4 The Definition of Mission: What Is a Mission? 59

5 The Development of a Mission: How to Make Your Mission 78

Part 3 The Vision of Your Ministry

6 The Definition of Vision, Part 1: What Is a Vision? 99

7 The Definition of Vision, Part 2: What Is the Difference Between a Vision and a Mission? 114

8 The Development of a Vision: How to Birth Your Vision 130

Part 4 The Strategy for Your Ministry

9 The Definition of Strategy: What Is a Strategy? 155

10 The Development of a Strategy: How to Craft Your Strategy 167

Appendixes

A Acadiana Community Church: Credo and Doctrinal Statement 180

B Church Credos 186

C Personal Core Values Audit 202

D Church Ministry Core Values Audit 205

E Mission Development Process 208

F Vision Audit 210

Notes 212

Index 215

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  • Posted October 4, 2009

    Malphurs, Aubrey, Ministry Nuts and Bolts: What They Don't Teach Pastors in Seminary, Grand Rapids, MI: Kregal Publications 1997, 192.

    Aubrey Malphurs, Ph.D. has written several other books, pastored three churches and is presently a senior professor of Pastoral Ministries at the Dallas Theological Seminary. He is also the current president of Malphurs Group where he is a trainer and consultant to churches, denominations and ministry organizations in North America and Europe.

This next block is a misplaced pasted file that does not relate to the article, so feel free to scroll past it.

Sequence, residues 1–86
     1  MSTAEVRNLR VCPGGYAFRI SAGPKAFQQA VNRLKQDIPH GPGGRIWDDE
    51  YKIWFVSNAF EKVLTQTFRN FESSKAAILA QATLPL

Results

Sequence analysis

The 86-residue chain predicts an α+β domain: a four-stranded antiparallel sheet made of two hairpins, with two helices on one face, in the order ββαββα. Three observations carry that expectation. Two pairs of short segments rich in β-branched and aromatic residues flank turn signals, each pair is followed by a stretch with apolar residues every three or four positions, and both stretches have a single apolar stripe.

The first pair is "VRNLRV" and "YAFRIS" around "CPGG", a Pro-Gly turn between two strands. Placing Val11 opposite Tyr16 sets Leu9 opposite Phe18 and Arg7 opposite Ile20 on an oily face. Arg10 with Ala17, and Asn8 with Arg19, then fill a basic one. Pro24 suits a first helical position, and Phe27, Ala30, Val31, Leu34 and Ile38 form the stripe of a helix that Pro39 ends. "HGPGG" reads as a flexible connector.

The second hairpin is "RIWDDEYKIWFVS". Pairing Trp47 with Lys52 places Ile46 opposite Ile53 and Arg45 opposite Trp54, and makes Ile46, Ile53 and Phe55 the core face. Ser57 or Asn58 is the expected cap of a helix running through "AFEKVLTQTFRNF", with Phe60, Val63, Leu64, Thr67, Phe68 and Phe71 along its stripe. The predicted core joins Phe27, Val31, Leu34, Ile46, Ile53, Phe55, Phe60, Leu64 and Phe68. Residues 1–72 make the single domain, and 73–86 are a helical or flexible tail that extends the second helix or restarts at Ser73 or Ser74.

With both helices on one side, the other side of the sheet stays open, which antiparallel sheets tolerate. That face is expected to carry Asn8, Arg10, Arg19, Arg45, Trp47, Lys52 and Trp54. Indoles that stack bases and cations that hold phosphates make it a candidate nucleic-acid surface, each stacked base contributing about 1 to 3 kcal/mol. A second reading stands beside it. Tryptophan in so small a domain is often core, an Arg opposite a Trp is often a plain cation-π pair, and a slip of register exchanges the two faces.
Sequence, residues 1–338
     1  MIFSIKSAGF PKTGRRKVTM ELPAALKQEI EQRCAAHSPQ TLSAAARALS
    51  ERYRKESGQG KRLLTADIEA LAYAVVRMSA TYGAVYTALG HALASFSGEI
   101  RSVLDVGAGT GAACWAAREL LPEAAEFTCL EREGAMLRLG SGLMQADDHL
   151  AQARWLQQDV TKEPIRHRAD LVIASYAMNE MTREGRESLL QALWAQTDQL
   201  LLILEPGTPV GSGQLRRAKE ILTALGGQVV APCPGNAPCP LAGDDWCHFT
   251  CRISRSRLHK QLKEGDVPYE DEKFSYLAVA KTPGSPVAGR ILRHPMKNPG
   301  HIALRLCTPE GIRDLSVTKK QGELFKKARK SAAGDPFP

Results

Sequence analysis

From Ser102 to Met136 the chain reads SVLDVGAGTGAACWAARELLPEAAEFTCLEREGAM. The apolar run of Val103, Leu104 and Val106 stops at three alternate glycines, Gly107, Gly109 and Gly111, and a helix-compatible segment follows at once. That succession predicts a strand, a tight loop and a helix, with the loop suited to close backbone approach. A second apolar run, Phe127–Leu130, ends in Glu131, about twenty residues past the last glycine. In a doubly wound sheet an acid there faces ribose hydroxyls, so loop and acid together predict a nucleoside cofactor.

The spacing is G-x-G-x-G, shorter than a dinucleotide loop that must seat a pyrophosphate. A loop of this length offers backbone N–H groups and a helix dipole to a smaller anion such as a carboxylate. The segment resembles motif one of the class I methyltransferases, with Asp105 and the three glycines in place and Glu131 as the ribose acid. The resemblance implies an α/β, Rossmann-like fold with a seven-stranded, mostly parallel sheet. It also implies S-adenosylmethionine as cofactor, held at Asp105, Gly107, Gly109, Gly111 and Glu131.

The book begins with an introduction that depicts a typical pastor who had entered the pastoral ministry out of seminary. The church is relatively stagnant for growth, and Pastor Andrew Johnson has lost his zeal in the ministry's inanimate digression. Like any normal preacher, question of doubt, confusion and fear began to enter within until he read a book that an excited pastor friend had recommended. Of course, the fictitious church progresses in the end. The purpose of the book is to help leaders, pastors, and church boards think through the ministry "ABC's." Malphurs contends that seminarians enter into pastor ministry crippled and locked into an occupation of ninety-five percent preaching, and the other five percent performing funerals, weddings, meetings and visitations.